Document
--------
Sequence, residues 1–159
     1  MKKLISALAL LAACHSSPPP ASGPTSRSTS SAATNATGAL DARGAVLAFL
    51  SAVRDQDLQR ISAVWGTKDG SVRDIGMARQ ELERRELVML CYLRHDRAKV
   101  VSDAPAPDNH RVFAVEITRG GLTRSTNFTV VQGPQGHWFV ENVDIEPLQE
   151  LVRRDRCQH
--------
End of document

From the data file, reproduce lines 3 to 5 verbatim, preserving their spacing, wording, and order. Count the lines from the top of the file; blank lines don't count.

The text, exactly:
    51  SAVRDQDLQR ISAVWGTKDG SVRDIGMARQ ELERRELVML CYLRHDRAKV
   101  VSDAPAPDNH RVFAVEITRG GLTRSTNFTV VQGPQGHWFV ENVDIEPLQE
   151  LVRRDRCQH